Turbine blades are directly exposed to hot oncoming combustion gases, so their leading edges require effective cooling techniques. Here, we investigated the heat transfer characteristics in a concave duct with an array of impingement jets, including the effect of rotation. The concave duct was used to simulate the inner surface of the leading edge of a blade. The inner surface was cooled by the impingement array jet method. The jet Reynolds number (Re) based on the jet nozzle diameter was fixed at 3,000, and the ratio of the height to target surface (H/d) was set to 2.0. The injection holes (d = 5 mm) were positioned in a staggered pattern, and the rotation number was about 0.032. We focused on the effects of rotating position orientations. We investigated front, leading, and trailing orientations. Naphthalene sublimation method was used to determine the local heat/mass transfer distributions, and the flow pattern was obtained by numerical simulation. Crossflow in the jet arrays was generated by the spent air from the impingement jet. The crossflow changes the flow characteristics at the stagnation point along the streamwise direction on a concave surface. Rotation of the duct increased the flow mixing compared with the stationary case. The jet flow was deflected because of the Coriolis force in the leading and trailing orientations. However, in the front orientation, the heat transfer characteristics showed deflection in the clockwise direction in the developing flow away from the stagnation point. Overall, the averaged heat transfer values were enhanced in the rotating cases. The trailing orientation case showed the highest averaged heat transfer among all tested cases.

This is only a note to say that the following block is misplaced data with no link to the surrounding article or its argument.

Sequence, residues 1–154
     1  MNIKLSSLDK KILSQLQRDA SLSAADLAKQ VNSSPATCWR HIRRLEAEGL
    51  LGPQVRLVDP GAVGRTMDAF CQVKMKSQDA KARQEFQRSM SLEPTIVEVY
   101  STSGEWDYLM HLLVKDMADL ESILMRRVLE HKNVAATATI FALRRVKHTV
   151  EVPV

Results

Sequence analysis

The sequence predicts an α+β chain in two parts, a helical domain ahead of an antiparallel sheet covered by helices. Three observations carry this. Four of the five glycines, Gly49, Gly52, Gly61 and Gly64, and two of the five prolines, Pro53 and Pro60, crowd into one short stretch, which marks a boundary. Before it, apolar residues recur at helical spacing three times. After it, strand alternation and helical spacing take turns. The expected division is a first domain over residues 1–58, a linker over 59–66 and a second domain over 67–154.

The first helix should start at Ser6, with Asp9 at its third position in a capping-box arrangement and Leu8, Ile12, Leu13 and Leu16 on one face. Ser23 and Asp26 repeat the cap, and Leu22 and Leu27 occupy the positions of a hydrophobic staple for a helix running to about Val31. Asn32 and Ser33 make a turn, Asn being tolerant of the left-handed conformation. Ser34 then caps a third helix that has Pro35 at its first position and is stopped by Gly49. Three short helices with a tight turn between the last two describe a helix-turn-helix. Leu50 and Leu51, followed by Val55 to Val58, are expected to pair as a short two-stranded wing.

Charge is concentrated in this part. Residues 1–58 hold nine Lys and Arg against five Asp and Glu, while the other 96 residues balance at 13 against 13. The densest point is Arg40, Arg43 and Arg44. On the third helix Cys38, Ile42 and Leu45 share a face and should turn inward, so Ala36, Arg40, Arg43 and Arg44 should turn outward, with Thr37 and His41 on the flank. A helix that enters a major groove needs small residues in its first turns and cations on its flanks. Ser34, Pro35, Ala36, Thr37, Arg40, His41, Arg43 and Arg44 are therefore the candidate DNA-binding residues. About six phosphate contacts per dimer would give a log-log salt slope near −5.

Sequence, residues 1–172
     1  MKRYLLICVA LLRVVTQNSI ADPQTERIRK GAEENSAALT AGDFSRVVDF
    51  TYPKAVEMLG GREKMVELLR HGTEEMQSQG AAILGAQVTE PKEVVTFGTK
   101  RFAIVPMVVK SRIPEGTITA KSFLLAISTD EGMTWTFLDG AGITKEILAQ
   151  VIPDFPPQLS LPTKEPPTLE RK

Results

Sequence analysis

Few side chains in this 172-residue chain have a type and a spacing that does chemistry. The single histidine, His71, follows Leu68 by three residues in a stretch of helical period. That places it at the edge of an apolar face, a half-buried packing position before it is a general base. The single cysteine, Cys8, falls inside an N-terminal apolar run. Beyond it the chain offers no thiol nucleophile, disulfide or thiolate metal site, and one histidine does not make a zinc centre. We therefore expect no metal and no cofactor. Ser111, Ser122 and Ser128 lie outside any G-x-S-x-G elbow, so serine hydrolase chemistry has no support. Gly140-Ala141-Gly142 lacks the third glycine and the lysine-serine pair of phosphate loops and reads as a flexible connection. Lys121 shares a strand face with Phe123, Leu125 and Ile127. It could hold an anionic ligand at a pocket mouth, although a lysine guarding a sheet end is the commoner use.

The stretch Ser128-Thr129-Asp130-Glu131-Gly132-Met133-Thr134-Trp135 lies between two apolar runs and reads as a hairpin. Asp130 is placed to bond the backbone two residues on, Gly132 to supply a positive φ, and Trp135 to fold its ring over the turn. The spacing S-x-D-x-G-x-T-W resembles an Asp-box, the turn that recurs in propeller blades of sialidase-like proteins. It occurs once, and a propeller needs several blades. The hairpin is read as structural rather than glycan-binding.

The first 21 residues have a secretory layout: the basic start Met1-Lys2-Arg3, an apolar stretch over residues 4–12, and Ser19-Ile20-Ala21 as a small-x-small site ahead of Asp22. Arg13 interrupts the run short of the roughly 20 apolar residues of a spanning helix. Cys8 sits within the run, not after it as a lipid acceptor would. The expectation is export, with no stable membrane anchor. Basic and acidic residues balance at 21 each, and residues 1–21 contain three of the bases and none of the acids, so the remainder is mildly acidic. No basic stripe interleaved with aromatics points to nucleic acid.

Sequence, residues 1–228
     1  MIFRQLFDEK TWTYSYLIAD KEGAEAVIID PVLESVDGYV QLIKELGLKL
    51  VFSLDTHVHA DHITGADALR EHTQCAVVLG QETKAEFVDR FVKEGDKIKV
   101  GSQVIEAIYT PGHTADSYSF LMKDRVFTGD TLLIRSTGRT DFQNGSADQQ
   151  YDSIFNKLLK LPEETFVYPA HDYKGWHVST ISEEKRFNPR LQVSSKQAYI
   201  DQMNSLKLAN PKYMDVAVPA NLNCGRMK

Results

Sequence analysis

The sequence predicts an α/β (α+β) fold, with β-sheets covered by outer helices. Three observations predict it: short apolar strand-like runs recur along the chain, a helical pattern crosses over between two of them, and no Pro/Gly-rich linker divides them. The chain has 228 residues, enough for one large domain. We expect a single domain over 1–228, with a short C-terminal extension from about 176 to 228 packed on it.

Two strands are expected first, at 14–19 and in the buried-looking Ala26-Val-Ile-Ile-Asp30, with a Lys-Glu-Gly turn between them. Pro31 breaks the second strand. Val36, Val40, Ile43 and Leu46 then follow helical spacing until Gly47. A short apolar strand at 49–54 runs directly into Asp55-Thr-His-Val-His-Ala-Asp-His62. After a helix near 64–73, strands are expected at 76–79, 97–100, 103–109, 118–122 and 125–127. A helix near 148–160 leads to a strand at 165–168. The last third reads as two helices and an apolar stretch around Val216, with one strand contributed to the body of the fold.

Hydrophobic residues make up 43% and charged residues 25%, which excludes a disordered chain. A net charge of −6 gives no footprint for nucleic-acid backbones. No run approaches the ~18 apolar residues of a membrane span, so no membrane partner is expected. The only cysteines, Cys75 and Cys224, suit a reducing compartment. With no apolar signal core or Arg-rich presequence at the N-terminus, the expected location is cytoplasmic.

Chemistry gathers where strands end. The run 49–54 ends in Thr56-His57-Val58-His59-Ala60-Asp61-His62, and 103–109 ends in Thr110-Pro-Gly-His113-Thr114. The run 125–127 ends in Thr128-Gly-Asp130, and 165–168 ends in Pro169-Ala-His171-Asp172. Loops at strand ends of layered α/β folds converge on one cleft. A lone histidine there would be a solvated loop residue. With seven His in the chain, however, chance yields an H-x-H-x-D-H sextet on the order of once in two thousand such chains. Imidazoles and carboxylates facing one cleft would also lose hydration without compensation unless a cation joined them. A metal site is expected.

Effect of Rotation on Heat Transfer of a Concave Surface With Array Impingement Jet
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Jung, EY, Park, CU, Lee, DH, Park, JS, Park, S, & Cho, HH. "Effect of Rotation on Heat Transfer of a Concave Surface With Array Impingement Jet." Proceedings of the ASME Turbo Expo 2013: Turbine Technical Conference and Exposition. Volume 3A: Heat Transfer. San Antonio, Texas, USA. June 3–7, 2013. V03AT12A042. ASME. https://doi.org/10.1115/GT2013-95443
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